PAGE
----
More plot threads are added to this already crowded storyline, but to what end?
The extended Spider family picks up the pieces after they awaken from Kindred’s spell that turned them into monsters. Their public image is destroyed as everyone in the city has seen them wreaking havoc for the past day or so. Dr. Strange joins in to help as they all try to save Peter Parker. Meanwhile, the Sin-Eater searches for meaning and brings new terrors forward and Norman Osborn and Mary Jane quarrel about what to do about Kindred.
Amazing Spider-Man #52.LR is packed. Writers Nick Spencer and Matthew Rosenberg move the plot forward by leaps and bounds. Out of the three threads (Spider family, MJ & Norman, and Sin-Eater) only the first two feel directly tied to “Last Remains.” The Sin-Eater’s tale basically mines through faces of enemies past to dredge up new threats, but there’s already so many in this storyline so it feels like overkill. This arc is already filled to the brim so this piece is distracting.
There’s a lot to take in with this issue and letterer Ariana Maher guides us through with expert precision. This is especially true for the scenes with Norman and MJ. The desperation in Norman’s voice comes through, as does Mary Jane’s frustration and anger.
The Spider family portion is the most intriguing part of Amazing Spider-Man #52.LR. The fact that the city is now terrified of folks like Miles Morales and Spider-Woman is the least of their problems. They get up to speed on the Kindred threat and how they can help Peter. This creates some fun interactions between Strange’s uptight nature and characters like Madame Web and Ghost-Spider.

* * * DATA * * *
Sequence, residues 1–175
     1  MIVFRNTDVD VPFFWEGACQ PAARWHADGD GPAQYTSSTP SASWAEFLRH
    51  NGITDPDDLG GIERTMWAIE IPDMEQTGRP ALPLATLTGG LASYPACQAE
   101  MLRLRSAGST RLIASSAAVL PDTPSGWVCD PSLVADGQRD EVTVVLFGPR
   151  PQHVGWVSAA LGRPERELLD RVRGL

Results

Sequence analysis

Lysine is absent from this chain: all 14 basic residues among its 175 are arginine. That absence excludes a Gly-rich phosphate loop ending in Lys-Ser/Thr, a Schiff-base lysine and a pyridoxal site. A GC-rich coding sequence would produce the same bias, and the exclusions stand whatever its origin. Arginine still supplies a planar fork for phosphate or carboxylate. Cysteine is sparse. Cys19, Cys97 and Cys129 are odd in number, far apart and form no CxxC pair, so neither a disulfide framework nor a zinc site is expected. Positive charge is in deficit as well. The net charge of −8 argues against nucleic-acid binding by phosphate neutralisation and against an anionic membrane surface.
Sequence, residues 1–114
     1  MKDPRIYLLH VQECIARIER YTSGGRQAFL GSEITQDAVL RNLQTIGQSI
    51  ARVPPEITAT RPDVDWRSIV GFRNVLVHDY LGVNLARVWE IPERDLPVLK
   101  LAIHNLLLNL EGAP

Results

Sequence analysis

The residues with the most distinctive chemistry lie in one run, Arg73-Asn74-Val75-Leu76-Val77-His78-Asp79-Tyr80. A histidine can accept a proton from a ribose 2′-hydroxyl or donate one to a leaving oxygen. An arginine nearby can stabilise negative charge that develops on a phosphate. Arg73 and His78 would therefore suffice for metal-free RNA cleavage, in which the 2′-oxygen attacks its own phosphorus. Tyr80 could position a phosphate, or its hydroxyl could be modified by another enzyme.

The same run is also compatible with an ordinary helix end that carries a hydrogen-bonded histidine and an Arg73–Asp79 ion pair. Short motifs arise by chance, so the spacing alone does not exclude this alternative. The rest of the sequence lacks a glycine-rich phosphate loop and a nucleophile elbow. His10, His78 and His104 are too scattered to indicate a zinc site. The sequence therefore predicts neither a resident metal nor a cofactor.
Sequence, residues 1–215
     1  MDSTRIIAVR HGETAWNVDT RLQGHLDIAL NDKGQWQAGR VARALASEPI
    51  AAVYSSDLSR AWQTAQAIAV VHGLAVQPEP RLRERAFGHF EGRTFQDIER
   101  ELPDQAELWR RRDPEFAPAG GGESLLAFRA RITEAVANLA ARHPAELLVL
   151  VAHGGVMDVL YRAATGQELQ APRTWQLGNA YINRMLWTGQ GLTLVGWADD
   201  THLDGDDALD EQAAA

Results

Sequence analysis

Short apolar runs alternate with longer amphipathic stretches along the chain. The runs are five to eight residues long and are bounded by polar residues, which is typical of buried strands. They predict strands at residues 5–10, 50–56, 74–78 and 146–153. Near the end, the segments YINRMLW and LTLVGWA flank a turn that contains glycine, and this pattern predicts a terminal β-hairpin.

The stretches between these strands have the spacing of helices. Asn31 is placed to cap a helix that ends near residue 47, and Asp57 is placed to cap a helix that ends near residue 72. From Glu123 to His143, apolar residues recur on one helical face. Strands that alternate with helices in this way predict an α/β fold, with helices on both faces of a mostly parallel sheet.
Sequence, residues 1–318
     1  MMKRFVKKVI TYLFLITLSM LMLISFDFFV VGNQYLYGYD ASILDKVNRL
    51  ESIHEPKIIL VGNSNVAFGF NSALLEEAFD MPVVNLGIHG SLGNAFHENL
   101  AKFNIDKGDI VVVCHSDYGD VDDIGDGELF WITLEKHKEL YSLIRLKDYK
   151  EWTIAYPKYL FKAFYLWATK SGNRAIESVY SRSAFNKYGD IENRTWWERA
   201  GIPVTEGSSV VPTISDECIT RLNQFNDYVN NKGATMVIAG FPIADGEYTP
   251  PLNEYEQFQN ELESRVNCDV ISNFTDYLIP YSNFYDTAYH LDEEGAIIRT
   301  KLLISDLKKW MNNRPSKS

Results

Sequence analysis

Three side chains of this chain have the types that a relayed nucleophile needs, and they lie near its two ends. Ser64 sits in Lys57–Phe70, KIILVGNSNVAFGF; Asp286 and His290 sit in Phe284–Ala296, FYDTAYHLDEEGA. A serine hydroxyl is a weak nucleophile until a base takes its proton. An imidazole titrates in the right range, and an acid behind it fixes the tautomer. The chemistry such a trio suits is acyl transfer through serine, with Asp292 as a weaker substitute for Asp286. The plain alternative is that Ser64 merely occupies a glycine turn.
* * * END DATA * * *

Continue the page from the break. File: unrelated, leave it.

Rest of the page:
Colorists Marcio Menyz and Erick Arciniega make Strange’s powers pop on the page with a bright yellow light. It’s made abundantly clear when magic is used. This stands out as a glimmer of hope as the rest of this issue is shrouded in darkness. There’s an ominous tone over the whole book and Strange might represent the only path to saving the wall-crawler.
Artist Federico Vincentini’s angular style is a nice fit for Amazing Spider-Man, particularly in the action scenes. There’s a kinetic energy to these images, making it look like the characters are literally moving across the page.
The frustrating part of this arc is how everyone seems to know more about Kindred than Spider-Man does. Instead of tying up the many loose ends that have sprung out of this series over the past two years, we seem to be getting more. I still have hope that all of this will come together, but it’s looking less likely lately.